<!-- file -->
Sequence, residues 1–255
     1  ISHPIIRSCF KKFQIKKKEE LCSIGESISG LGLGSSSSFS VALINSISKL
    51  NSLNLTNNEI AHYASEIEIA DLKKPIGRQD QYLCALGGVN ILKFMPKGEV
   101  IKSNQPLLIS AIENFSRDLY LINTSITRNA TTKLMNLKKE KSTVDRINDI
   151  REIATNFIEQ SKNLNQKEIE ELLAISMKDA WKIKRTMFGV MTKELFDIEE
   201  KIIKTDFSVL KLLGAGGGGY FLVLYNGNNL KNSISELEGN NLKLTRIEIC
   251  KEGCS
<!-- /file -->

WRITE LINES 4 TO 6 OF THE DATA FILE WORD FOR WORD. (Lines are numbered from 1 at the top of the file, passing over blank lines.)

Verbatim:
   101  IKSNQPLLIS AIENFSRDLY LINTSITRNA TTKLMNLKKE KSTVDRINDI
   151  REIATNFIEQ SKNLNQKEIE ELLAISMKDA WKIKRTMFGV MTKELFDIEE
   201  KIIKTDFSVL KLLGAGGGGY FLVLYNGNNL KNSISELEGN NLKLTRIEIC